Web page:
Step by Step – FVTC News highlights UW-Green Bay student and vet

Amanda Couch knows a thing or two about determination. The 35-year-old U.S. Navy veteran enrolled at Fox Valley Tech as a full-time student in 2014, and has since earned three associate degrees, all while raising her young daughter. Not only that, Amanda is now well on her way to earning a bachelor’s degree in Business Administration with a Human Resources Management emphasis at UW-Green Bay. It’s part of an agreement that allows FVTC grads to transfer to UWGB with junior standing. “All of my 64 Business Management credits transferred, as well as some Accounting credits,” she explains.Amanda’s FVTC degrees include Accounting, Business Management and Human Resources. Her goal upon graduating from UWGB is to work as an HR professional and ultimately lead her own team.

Source: Step by Step – FVTC News

CEO Randy Charles joins Cofrin School of Business Advisory Board

Green Bay, Wis.—The University of Wisconsin-Green Bay’s Austin E. Cofrin School of Business (CSOB) is proud to welcome Randy Charles ‘87, CEO of Alive and Kickin’ (A & K) Pizza Crust to its Advisory Board.

Charles started A & K Pizza Crust with his father and two other partners in 1989, just two years after graduating from UW-Green Bay with a degree in Business Administration. By 1991, he was named president and in 2011 he took over as CEO. The company now employs a workforce of 500-plus at four locations and sells its products throughout North America.

Randy Charles joins CSOB Advisory Board
Randy Charles

A & K’s success comes in part from the continual development and expansion of its product lines.

“Randy’s entrepreneurial spirit, and his drive to always reinvent, develop, and grow will be an asset to the Cofrin School of Business,” says CSOB Dean Matt Dornbush. “He will be an invaluable strategic leader as we work to expand our program offerings and experiential learning opportunities.”

Charles is eager to advance the strategic priorities of the School and strengthen its ties to the greater business community.

“The Cofrin School of Business plays a vital role in creating future area leaders by fostering critical partnerships between the University, its students, and the business community,” he explains. “I’m excited to join the Cofrin School of Business Advisory Board to help to strengthen these essential relationships.”

The Cofrin School of Business Advisory Board exists to engage people of influence, affluence, and potential in the mission of the organization, to receive guidance on important strategic initiatives, curricular design and programmatic offerings, and to provide a platform for networking and partnership building.

For more information on the Cofrin School of Business Advisory Board, please contact Madeline VanGroll at vangrolm@uwgb.edu.

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UW-Green Bay: Supercharging the future by growing our own | WisBusiness

“UW-Green Bay is meeting the demand for engineers due to the manufacturing growth in the Green Bay area and the NEW North region,” said UW-Green Bay’s Dean of Science, Engineering and Technology, John Katers. “As the economy continues to shift toward one of innovation and technology—even in historically important manufacturing sectors like the paper industry—electrical engineers are in high demand. Because we have such a strong employer base in the area who can offer internships and other hands-on experiences, we can grow that kind of talent right here. It’s very exciting to be able to meet this demand.”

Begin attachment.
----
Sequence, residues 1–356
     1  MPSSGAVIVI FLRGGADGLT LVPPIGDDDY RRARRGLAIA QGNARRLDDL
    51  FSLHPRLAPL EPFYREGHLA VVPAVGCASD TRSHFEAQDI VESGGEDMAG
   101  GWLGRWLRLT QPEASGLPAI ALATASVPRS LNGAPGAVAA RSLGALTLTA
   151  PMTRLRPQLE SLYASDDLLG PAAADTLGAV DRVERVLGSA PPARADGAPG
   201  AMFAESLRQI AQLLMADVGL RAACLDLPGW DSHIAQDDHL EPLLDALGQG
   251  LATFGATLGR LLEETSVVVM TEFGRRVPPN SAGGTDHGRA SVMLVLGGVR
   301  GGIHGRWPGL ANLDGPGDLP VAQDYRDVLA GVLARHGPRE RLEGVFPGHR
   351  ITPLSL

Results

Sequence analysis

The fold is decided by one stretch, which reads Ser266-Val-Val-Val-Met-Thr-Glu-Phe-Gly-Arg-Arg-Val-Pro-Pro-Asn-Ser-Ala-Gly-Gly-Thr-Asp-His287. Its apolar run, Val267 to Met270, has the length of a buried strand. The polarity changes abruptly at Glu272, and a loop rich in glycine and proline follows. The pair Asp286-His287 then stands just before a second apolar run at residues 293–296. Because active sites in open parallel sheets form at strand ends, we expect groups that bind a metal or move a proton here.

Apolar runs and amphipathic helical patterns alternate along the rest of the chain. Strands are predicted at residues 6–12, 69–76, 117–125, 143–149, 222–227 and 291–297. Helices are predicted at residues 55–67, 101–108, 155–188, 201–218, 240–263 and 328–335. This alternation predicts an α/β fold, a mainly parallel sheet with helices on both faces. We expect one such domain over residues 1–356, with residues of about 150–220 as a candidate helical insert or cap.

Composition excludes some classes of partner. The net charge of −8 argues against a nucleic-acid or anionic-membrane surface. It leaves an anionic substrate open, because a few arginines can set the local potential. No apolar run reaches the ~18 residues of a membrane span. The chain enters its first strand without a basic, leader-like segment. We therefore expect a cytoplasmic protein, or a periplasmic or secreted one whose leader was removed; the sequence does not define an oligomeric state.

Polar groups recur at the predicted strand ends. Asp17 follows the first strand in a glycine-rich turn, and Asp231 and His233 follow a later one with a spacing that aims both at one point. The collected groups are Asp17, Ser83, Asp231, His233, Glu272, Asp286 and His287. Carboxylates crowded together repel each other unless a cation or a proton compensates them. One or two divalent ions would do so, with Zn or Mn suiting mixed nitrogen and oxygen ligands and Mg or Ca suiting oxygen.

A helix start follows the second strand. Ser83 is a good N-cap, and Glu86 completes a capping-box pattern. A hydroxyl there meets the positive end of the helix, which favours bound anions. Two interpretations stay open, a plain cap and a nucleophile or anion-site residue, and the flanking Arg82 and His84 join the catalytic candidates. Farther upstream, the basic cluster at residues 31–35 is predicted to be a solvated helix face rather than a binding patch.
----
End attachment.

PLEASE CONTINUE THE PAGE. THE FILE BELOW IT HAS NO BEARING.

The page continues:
Source: UW-Green Bay: Supercharging the future by growing our own | WisBusiness

Congrats to the STARS Research Team for Achieving the ‘Triple Crown’ of undergraduate research

The STARS research team—comprised of both business and psychology students—has achieved another milestone, which could be labeled the Triple Crown. They got a presentation accepted at the Midwestern Psychological Association (MPA) conference in Chicago, the UWGB Academic Excellence Symposium, and the UW-wide URSCA.

A correlation matrix of their empirical findings so far is provided below. “The focus of their study is on assessing effectiveness in handling difficult / upset customers in jobs involving direct customer contact,” said  Associate Prof. Allen Huffcutt (Management).  To form their dependent variable (DV), they asked participants to describe a time when they handled one at their very best (MAX) and also one at their very worst (MIN–i.e., they totally blew it). The difference between them is the Range variable. The vertical rows are the independent variables, with the first five being personality [E=Extraversion, A=Agreeableness, C=Conscientiousness, ES=Emotional Stability, and O=Openness). After that, ‘CSC’ is the customer service culture where they work, ‘WE’ is their own personal level of work engagement, and ‘PS’ is their level of general stress they are under.

“Although there are a number of interesting findings, one of the most prominent is the role of emotional stability. ES, which is the positive equivalent of Neuroticism, correlates very strongly with both MAX and MIN. In other words, employees who are less anxious in general and more stress tolerant have higher ‘highs’ and higher ‘lows’ in dealing with difficult customers. Also interesting is Conscientiousness, which has the same pattern.

“What makes these findings unique is that nobody in the employment interview literature has ever focused on this DV before. Rather, the DV is typically ratings of performance by their immediate supervisor. Moreover, it is very easy to assess traits like Emotional Stability and Conscientiousness in the selection process for hiring new employees.”

 

Max-Min Faces Faces Faces
Range Max Min Q1 Q2 Q3
E 0.07 -0.20 -0.31 -0.16 0.04 -0.32
A -0.28 0.08 0.44 0.39 0.56 0.41
C 0.15 0.45 0.32 0.16 -0.05 -0.09
ES 0.11 0.61 0.56 0.14 0.36 0.17
O 0.18 0.27 0.08 0.16 0.24 0.20
CSC 0.35 0.47 0.09 -0.04 0.51 -0.23
WE 0.23 0.22 -0.04 -0.08 0.43 -0.09
PS 0.10 -0.36 -0.52 -0.18 -0.46 -0.09

 

Five teams of UW-Green Bay Business students place in the top 5 percent, globally

All sections of the business capstone class (MGMT 482 Capstone in Business Strategy) recently had teams that made it to the Top 100 rank in the GloBus Simulation in the final round of the Capstone simulation worldwide. Five teams from each of Associate Prof. Vallari Chandna’s (Marketing & Management) five class sections, placed in the top 5% of teams competing globally. Each week, the best-performing companies are measured on multiple performance variables such as overall score, earnings per share, return on equity and stock price.